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The Rev. Mark Sargent Mark Sargent

Mark Sargent is a retired United Methodist minister who works in the private sector and resides in Rome, GA.

Member of:

United Methodist Church


Living Belief

Second Sunday after Epiphany

January 15, 2006

What is the point of religion? What is a Christian? The answers to those questions are likely not as self-evident as many may think. Just ponder it, if you will. One of your children or grandchildren or some person on the street pops those questions to you, how would you respond? What is the point of religion? What is a Christian?

For a long time, the Church pretty much addressed those questions in this fashion. Religion is a way that people try to get in touch with God or with the divine or with whatever's bigger than we are, but Christianity is the true religion because we have Jesus who is the only way to God. So you can try those other religions, but they will only lead you to a dead end. Some in the Church have thought that that dead end is a burning place called hell where you'll be punished for not choosing the right religion; and if you want to be a Christian, here's what you have to believe. You have to believe this, this, and this, and then you're in.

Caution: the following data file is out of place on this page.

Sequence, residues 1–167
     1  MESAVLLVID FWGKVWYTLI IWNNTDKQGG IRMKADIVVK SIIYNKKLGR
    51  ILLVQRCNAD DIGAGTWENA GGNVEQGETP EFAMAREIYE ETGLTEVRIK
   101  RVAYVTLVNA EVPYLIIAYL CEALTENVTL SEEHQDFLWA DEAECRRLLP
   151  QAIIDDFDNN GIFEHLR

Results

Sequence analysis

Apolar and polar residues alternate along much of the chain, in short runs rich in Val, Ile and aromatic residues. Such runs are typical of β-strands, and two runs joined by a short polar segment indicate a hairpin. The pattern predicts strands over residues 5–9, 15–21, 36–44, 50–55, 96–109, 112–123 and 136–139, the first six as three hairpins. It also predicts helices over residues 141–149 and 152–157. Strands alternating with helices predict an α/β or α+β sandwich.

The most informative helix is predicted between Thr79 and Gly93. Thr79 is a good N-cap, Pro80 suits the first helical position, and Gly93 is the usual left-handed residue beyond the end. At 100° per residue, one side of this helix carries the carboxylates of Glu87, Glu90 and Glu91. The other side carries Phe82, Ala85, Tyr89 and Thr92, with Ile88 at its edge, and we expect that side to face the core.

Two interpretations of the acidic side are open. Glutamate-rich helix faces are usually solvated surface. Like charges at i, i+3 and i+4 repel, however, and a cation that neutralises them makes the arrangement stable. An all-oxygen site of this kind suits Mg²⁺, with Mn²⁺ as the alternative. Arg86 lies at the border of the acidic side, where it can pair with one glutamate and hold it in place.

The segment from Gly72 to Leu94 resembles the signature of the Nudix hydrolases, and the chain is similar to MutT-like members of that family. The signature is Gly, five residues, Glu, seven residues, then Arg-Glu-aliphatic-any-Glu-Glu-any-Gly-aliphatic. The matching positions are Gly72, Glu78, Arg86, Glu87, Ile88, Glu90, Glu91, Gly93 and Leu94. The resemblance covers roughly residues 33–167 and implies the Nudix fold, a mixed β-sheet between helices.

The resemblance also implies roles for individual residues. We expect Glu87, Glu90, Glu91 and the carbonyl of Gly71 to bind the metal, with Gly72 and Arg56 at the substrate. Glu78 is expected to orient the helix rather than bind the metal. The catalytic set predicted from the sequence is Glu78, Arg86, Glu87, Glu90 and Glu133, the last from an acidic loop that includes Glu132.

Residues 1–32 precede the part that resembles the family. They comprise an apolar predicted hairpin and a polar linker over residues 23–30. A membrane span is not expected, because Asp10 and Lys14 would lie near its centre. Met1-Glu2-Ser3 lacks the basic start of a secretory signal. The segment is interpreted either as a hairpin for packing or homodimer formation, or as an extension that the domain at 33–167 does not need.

Early in the history of the Christian movement, there were great debates, intense disagreements, over what constitutes appropriate Christian belief. Matter of fact, it's not until the early years of the Christian era that we even hear the words "orthodoxy" and "heresy." Orthodoxy literally means right belief. Heresy means wrong belief. And so the notion is born that beliefs can be right or wrong. And, by the way, not only can beliefs be right and wrong, ours just happen to be right. That scenario was not the way it always was. What scholars of early Christianity are now helping us understand is that the people who decided what was orthodox belief were the people who won the battles for belief. And they are the ones who also decided that what the losers had to say was wrong belief (see Bart Ehrman, The Lost Christianities: The Battles for Scripture and the Faiths We Never Knew, Oxford 2003). We are heirs of that mindset. It is important that we realize that we are heirs of the notion that belief is giving assent to a list of propositions. I believe this, I believe that, I believe the other, and that makes me a Christian. And we are also heirs of the notion that belief can be right or wrong.